This property is an unusual bonus of the fossil+venti architecture and it is somewhat surprising in practice. Intuitively, it feels wrong to be able to work freely, reading and writing data within a multigigabyte fs, using a storage partition of much smaller size. This kind of magic works because the actual amount of data you read and write as a user is usually quite small in comparison to the total amount contained within your root fs. If the user wants to perform an operation such as a full system rebuild in /sys/src, a 100mb ramdisk is inadequate, but the 1gb+ disk partitions available via 'spawndisk' are more than large enough.

After the root filesystem is running, a message is sent to to the connected cpu server to 'fetch' the given root and make it available. The cpu server starts new flow of control and rforks into a clean /srv namespace. Next, the cpu dials the storage server, acquires the file descriptor for the spawned root filesystem, and places it at /srv/boot. Then it creates a new hubfs attached rc, using the ants non-forking srv device #z to keep it accessible to the main ns, and then sends commands into the hub to start standard services, including a cpu listener.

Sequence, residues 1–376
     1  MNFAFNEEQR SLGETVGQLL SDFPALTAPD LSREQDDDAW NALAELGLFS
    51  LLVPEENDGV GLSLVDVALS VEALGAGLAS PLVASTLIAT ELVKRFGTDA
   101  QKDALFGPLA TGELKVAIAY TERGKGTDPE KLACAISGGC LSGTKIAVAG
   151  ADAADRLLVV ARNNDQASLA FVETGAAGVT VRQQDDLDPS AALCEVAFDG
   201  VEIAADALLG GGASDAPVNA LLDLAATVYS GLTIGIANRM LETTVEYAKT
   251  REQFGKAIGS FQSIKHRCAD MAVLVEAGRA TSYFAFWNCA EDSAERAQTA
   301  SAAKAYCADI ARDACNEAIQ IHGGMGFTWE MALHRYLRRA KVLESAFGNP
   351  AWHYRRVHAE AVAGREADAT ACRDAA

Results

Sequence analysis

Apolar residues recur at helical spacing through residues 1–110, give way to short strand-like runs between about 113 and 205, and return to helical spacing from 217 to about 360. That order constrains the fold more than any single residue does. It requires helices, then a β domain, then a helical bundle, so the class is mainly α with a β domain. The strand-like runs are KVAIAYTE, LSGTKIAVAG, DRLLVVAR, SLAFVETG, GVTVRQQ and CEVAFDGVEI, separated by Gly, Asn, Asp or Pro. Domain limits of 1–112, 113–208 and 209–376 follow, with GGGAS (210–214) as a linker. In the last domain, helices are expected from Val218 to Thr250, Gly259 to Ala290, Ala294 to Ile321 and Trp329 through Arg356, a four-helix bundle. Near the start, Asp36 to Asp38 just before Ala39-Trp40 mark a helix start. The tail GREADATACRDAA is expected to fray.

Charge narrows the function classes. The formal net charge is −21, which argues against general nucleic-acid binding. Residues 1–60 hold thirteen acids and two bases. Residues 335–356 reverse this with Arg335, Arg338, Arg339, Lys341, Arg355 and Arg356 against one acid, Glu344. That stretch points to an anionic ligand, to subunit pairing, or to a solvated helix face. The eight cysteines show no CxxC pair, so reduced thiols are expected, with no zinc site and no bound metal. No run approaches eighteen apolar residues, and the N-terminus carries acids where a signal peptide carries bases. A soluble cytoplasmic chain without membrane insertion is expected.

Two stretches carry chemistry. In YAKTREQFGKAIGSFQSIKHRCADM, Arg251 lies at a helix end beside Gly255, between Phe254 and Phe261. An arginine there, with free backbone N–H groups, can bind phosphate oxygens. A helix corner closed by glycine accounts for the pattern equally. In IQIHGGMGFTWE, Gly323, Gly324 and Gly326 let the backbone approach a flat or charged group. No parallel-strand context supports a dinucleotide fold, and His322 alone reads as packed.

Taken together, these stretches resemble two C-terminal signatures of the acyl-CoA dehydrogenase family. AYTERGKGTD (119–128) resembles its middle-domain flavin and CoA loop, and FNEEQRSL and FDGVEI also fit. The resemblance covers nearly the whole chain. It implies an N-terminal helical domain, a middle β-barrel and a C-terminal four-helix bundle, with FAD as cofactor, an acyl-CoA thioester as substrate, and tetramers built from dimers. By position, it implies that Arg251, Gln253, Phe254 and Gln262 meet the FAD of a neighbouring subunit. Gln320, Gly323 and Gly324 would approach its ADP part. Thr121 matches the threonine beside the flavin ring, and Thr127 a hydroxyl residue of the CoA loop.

rfork V
srv $dialstring boot
hub -b -z $hubname
mount /zrv/$hubname /n/h
echo 'auth/newns' >>/n/h/io0
cat /bin/startsrvs >>/n/h/io0
echo 'aux/listen1 -tv tcp!*!'^$port^' /rc/bin/service/tcp17019 &' >>/n/h/io0
chmod 660 /srv/boot
chgrp -o $username /srv/boot

The final chmod/chgrp is a security precaution to prevent other users, who are authenticated for the spawngrid but not the spawning user, from being able to connect to the spawned environment. This mechanism will be adjusted to use a 'custom manufactured' cpu listener to allow only specified user access.

End result

The end result is the creation of a container-style namespace which behaves for the user similarly to a fully independent system. The root fs is private and fully controlled by the user, and the private /srv directory prevents namespace collisions. Plan 9 does not have namespacing for /proc or user identities, or a method of limiting the resource use of a group of processses, so the separation and independence of environments is somewhere between that of a traditional multi-user system and fully jailed environments.

The spawning system on the spawngrid is being used mostly towards the goal of further subdividing vps resources, to make it economically feasible to provide free plan 9 namespace environments on demand to any interested plan 9 user. Another application of this system is as the foundation for a distributed task-orchestration system, which is a goal of future developments. The current public grid services will make a good test application to manage in this way.